Making the most of urban land
As developing cities rapidly expand, the use of urban land is crucial to the functioning and financing of urban activity. As such, policies to encourage productive and livable urban land use play a key role in unlocking the potential for cities as engines of growth and prosperity. Efforts to increase the security, marketability and legal enforceability of land rights allow landholders the confidence and ability to put land to its more efficient use, whilst legal ownership enables governments to play a role in directing land use and in tapping into the rising value of this land. Capturing the value of urban land as it rises with population growth, income growth and urban investments can in turn enable policymakers to finance the investments that will shape a city’s future. Drawing on ongoing work with researchers, policymakers and practitioners working on urban policy in developing cities, the IGC’s Cities that Work initiative is presenting their work on policy towards urban land, looking at trade-offs and challenges associated with formalizing land rights, land use planning and land taxation for developing cities.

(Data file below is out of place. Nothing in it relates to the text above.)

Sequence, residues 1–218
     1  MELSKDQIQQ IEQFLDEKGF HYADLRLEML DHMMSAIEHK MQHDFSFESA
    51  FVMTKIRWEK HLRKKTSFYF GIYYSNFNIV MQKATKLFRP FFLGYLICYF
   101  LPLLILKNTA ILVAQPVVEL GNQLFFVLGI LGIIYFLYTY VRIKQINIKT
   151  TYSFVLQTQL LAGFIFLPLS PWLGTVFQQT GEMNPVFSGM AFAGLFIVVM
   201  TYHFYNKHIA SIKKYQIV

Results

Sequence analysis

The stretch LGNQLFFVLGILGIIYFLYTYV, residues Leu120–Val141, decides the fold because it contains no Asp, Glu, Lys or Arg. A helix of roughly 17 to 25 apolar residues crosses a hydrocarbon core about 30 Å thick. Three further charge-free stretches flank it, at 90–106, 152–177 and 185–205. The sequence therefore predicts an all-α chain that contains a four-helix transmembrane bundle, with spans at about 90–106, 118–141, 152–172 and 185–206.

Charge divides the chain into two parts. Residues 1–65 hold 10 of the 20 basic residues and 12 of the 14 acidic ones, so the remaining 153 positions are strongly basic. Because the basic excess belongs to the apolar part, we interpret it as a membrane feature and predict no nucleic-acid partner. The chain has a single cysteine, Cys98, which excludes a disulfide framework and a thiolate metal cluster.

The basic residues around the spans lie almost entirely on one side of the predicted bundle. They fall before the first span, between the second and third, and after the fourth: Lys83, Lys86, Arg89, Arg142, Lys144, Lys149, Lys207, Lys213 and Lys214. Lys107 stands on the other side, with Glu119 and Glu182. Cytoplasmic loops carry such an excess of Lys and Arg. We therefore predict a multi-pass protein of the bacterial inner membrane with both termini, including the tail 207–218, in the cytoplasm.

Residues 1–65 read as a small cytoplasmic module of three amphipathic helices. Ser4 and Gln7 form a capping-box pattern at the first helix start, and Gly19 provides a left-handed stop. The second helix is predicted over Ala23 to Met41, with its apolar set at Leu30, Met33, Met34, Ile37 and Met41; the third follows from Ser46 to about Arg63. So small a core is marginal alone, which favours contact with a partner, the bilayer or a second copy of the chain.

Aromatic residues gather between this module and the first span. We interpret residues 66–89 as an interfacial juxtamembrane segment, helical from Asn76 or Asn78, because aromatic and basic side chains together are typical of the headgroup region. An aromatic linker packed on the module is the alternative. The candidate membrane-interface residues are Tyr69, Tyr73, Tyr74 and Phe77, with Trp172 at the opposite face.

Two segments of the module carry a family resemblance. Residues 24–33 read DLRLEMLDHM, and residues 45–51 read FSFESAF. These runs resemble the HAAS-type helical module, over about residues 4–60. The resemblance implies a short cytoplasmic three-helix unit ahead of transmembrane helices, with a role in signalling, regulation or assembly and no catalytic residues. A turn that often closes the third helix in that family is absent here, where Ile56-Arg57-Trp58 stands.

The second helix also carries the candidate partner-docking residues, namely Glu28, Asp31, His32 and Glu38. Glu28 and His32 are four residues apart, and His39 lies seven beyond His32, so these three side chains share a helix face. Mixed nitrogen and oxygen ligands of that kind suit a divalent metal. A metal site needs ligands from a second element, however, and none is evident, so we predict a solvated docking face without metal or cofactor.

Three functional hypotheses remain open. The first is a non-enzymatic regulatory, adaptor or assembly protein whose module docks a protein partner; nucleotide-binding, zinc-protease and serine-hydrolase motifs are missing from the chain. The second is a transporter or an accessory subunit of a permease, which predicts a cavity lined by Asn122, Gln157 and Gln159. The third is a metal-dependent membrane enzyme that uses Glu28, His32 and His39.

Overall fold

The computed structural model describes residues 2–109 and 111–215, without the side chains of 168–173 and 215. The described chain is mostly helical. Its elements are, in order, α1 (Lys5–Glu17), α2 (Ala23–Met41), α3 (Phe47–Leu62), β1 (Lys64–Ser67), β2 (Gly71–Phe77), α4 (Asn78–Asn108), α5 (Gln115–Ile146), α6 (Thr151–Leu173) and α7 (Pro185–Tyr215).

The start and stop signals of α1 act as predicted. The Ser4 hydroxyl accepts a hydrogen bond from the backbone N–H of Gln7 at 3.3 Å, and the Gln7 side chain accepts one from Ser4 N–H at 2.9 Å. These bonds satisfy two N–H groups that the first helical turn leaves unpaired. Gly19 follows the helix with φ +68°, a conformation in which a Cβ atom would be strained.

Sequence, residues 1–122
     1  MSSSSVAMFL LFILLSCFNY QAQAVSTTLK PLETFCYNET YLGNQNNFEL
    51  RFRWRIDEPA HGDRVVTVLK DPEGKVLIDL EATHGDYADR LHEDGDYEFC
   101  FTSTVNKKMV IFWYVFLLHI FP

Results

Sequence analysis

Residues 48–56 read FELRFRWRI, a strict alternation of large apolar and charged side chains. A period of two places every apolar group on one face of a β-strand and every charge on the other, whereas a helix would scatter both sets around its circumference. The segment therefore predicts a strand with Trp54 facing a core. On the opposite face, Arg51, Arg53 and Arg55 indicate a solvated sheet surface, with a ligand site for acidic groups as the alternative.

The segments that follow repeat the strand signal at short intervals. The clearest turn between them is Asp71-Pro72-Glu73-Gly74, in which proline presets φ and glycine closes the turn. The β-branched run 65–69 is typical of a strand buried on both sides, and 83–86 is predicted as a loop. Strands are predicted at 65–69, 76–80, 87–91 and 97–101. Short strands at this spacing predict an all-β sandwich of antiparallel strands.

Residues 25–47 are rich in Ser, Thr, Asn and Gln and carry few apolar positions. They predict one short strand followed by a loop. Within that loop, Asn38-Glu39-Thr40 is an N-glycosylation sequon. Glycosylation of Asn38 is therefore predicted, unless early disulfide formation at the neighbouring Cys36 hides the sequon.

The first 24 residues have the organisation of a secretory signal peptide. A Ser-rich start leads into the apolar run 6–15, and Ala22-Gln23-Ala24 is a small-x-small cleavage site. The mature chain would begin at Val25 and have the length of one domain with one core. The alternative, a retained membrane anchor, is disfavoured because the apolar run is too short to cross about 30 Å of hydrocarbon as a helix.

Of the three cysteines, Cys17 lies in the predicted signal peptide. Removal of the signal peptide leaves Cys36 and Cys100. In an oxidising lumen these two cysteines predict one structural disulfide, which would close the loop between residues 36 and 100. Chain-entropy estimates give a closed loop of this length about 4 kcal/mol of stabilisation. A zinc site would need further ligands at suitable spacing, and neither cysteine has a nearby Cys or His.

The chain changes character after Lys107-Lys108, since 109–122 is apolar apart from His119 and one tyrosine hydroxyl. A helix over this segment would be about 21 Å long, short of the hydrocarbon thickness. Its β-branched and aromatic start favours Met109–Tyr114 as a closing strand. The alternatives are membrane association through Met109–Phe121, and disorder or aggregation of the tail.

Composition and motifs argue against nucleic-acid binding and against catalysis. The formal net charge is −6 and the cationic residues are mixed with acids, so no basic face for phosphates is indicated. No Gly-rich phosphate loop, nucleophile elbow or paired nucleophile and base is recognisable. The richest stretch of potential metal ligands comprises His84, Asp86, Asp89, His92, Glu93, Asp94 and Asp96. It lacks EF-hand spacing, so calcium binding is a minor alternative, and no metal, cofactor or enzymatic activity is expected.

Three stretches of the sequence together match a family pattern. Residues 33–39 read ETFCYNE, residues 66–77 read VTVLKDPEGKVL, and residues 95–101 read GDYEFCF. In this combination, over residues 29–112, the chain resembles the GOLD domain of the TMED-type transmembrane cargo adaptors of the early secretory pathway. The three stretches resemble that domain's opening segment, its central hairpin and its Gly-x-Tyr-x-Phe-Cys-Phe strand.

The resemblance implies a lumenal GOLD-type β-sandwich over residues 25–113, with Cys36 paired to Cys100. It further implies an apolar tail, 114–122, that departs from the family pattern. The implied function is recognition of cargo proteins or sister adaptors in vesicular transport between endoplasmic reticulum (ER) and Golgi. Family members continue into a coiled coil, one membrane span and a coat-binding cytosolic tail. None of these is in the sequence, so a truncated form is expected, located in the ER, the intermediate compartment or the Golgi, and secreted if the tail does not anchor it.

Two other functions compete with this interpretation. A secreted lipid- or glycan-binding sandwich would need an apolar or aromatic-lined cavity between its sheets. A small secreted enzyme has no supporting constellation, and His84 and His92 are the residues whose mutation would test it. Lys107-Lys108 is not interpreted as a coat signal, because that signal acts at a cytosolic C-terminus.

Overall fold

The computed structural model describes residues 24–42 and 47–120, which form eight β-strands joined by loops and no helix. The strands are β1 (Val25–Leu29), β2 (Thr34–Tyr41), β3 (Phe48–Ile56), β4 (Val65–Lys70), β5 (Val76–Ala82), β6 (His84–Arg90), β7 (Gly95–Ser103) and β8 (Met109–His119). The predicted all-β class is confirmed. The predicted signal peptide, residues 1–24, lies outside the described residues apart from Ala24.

Marco Di Nunzio (LSE Cities – London School of Economics)
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